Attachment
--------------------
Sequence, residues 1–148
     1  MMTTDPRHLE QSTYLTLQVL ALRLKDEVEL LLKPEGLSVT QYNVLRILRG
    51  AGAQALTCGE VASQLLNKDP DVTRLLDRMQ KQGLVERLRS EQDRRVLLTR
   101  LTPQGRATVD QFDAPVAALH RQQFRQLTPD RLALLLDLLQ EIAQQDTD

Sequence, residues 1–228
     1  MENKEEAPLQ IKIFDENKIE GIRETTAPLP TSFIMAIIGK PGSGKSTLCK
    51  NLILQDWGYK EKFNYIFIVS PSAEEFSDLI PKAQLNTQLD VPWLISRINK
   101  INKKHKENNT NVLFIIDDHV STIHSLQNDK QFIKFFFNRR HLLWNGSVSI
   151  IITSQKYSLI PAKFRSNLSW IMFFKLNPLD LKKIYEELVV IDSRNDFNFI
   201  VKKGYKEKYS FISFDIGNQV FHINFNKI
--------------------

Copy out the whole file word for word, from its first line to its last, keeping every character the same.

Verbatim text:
Sequence, residues 1–148
     1  MMTTDPRHLE QSTYLTLQVL ALRLKDEVEL LLKPEGLSVT QYNVLRILRG
    51  AGAQALTCGE VASQLLNKDP DVTRLLDRMQ KQGLVERLRS EQDRRVLLTR
   101  LTPQGRATVD QFDAPVAALH RQQFRQLTPD RLALLLDLLQ EIAQQDTD

Sequence, residues 1–228
     1  MENKEEAPLQ IKIFDENKIE GIRETTAPLP TSFIMAIIGK PGSGKSTLCK
    51  NLILQDWGYK EKFNYIFIVS PSAEEFSDLI PKAQLNTQLD VPWLISRINK
   101  INKKHKENNT NVLFIIDDHV STIHSLQNDK QFIKFFFNRR HLLWNGSVSI
   151  IITSQKYSLI PAKFRSNLSW IMFFKLNPLD LKKIYEELVV IDSRNDFNFI
   201  VKKGYKEKYS FISFDIGNQV FHINFNKI